Origins Available: English
It was among those Anglo-Saxon
tribes that once ruled over Britain that the name Basil was formed. The name was derived from Basile, which means royal.
There is some disagreement about this name's origin. While the Anglo-Saxon
reference is strong, there is strong evidence that the name could have been derived from the name Bezilles, from Biszeilles in Flanders
. In this case, the name could have landed in England
and settled in Berkshire where the local
Besselsleigh was their ancient homestead.
Early Origins of the Basil family
The surname Basil was first found in the West Riding of Yorkshire
in Bashall-Eaves, a township, in the parish of Mitton, union of Clitheroe, W. division of the wapentake
of Staincliffe and Ewcross. "This place has been variously designated Beckshalgh, Batsalve, Bakesholf, and Bashalll; but the first orthography is the true one, viz., Beckshalgh, or 'the hill by the brooks,' which agrees precisely with its situation: in Domesday Book
it is styled Baschelf. " CITATION[CLOSE]
Lewis, Samuel, A Topographical Dictionary of England. Institute of Historical Research, 1848, Print.
Early History of the Basil family
This web page shows only a small excerpt of our Basil research.Another 441 words (32 lines of text) covering the years 1219, 1251, 1273, 1273, 1500, 1674 and 1675 are included under the topic Early Basil History in all our PDF Extended History products and printed products wherever possible.
Basil Spelling Variations
Until the dictionary, an invention of only the last few hundred
years, the English language lacked any comprehensive system of spelling rules. Consequently, spelling variations
in names are frequently found in early Anglo-Saxon
and later Anglo-Norman documents. One person's name was often spelled several different ways over a lifetime. The recorded variations of Basil include Basile, Bassil, Basil, Basill, Bassal, Basall, Basilie, Basille, Bazill, Bazil and many more.
Early Notables of the Basil family (pre 1700)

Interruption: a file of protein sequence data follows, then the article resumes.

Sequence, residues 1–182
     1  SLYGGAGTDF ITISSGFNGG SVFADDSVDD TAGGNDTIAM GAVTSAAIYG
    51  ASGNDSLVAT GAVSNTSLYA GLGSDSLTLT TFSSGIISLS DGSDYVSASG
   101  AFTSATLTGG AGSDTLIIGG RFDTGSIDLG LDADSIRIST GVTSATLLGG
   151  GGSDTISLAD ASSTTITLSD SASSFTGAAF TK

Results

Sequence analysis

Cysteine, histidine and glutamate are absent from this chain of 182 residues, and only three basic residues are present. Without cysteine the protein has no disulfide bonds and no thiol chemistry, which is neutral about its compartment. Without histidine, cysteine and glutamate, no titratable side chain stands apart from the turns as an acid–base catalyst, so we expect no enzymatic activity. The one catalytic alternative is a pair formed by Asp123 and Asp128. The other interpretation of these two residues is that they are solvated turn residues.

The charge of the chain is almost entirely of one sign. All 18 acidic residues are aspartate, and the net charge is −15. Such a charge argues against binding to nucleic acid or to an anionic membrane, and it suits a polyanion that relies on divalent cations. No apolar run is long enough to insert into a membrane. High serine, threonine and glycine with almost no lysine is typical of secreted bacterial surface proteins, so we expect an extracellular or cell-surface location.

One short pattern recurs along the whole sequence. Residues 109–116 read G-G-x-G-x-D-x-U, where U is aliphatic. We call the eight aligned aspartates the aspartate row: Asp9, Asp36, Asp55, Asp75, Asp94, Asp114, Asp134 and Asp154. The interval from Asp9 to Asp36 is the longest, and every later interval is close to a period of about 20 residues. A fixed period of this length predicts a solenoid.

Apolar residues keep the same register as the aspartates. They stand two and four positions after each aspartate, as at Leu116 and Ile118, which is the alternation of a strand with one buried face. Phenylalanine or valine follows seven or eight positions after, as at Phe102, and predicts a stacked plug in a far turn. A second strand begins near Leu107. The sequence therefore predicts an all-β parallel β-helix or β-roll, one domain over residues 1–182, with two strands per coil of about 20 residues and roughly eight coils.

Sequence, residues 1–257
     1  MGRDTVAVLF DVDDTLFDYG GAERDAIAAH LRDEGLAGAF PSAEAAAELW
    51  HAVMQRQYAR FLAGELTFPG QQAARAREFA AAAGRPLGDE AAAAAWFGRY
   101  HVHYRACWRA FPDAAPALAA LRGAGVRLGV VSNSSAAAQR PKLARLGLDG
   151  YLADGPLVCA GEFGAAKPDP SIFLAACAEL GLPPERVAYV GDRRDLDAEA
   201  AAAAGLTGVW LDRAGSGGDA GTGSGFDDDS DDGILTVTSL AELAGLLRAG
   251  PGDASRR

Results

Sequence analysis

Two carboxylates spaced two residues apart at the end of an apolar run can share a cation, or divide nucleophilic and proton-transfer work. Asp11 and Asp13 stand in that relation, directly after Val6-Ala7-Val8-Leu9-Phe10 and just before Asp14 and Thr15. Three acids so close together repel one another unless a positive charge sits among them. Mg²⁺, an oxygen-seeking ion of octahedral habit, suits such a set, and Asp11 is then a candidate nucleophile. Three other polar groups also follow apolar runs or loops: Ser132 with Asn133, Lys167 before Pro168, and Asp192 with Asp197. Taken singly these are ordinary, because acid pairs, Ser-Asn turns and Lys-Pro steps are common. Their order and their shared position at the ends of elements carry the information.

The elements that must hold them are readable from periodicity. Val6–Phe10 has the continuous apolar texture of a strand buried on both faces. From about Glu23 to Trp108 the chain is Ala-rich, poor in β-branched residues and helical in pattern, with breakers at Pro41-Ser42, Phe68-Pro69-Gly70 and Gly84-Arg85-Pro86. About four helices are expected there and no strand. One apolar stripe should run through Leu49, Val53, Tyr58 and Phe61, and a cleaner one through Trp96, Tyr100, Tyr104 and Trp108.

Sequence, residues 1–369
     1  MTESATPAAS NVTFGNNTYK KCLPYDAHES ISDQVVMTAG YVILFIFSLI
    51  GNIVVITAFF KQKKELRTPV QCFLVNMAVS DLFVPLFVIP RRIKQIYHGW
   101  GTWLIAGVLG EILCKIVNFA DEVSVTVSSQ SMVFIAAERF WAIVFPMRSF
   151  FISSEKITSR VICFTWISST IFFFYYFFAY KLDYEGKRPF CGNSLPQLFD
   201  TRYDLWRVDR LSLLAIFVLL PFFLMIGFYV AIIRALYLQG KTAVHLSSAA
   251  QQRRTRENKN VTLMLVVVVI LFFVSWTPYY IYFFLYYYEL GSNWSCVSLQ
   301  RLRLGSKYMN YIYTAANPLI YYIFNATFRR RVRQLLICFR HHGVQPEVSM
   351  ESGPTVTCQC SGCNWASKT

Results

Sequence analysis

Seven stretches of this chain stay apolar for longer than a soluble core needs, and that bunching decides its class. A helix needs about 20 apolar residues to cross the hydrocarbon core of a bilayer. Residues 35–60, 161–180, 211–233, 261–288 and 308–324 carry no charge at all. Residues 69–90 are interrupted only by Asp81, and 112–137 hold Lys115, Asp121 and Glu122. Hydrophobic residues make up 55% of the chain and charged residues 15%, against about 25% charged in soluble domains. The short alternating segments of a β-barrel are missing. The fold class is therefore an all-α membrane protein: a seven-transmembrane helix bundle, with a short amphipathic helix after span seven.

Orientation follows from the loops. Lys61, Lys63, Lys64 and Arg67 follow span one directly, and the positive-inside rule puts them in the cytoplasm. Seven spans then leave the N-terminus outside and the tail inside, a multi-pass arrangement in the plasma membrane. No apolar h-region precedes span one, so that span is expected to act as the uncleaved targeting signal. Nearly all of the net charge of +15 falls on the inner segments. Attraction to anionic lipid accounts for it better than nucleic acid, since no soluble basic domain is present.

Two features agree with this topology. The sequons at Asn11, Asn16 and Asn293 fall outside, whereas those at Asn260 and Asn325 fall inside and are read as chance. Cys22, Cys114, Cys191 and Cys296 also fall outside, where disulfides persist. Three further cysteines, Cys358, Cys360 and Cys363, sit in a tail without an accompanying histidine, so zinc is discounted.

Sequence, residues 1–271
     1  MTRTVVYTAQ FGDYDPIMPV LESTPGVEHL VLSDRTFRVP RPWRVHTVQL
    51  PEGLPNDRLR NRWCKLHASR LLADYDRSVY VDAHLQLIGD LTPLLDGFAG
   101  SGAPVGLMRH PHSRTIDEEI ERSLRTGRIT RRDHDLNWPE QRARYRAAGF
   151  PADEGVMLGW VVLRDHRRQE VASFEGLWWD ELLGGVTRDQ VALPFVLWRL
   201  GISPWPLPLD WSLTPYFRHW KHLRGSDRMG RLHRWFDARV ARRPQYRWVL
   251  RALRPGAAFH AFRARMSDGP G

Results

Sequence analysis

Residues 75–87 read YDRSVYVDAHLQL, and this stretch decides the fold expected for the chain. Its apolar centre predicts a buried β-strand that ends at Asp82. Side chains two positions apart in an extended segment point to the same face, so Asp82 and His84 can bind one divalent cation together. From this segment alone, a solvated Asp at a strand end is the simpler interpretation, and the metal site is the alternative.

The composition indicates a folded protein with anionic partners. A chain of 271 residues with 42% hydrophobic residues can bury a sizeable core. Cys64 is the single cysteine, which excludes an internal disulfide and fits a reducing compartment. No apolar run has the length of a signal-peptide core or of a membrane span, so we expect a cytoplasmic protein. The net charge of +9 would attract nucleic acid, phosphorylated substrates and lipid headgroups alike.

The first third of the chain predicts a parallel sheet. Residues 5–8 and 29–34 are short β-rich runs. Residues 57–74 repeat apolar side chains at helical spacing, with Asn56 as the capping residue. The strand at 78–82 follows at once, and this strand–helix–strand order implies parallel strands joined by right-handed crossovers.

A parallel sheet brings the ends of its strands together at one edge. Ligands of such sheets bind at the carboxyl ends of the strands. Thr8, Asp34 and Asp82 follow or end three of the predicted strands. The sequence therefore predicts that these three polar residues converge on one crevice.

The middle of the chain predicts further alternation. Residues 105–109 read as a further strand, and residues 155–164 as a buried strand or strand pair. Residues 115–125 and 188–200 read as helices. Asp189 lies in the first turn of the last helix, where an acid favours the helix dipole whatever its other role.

More information is included under the topic Early Basil Notables in all our PDF Extended History products
and printed products wherever possible.
Migration of the Basil family to the New World and Oceana
Thousands of English families boarded ships sailing to the New World in the hope of escaping the unrest found in England
at this time. Although the search for opportunity and freedom from persecution abroad took the lives of many because of the cramped conditions and unsanitary nature of the vessels, the opportunity perceived in the growing colonies of North America beckoned. Many of the settlers who survived the journey went on to make important contributions to the transplanted cultures of their adopted countries. The Basil were among these contributors, for they have been located in early North American records:
Basil Settlers in United States in the 19th Century
- John Basil, who arrived in Allegany (Allegheny) County, Pennsylvania in 1840 CITATION[CLOSE]
Filby, P. William, Meyer, Mary K., Passenger and immigration lists index : a guide to published arrival records of about 500,000 passengers who came to the United States and Canada in the seventeenth, eighteenth, and nineteenth centuries. 1982-1985 Cumulated Supplements in Four Volumes Detroit, Mich. : Gale Research Co., 1985, Print (ISBN 0-8103-1795-8)
- Winnefred Basil who arrived in Boston in 1849
Contemporary Notables of the name Basil (post 1700)
- Richard Basil (b. 1967), American former head football coach at Savannah State University
- Toni Basil (b. 1943), stage name of Antonia Christina Basilotta, an American singer-songwriter, actress, filmmaker, film director, choreographer, and dancer, best known for her multi-million selling worldwide No. 1 hit "Mickey" from 1982
- Stephen John Basil (1893-1962), American Major League Baseball umpire who worked in the American League from 1936 to 1942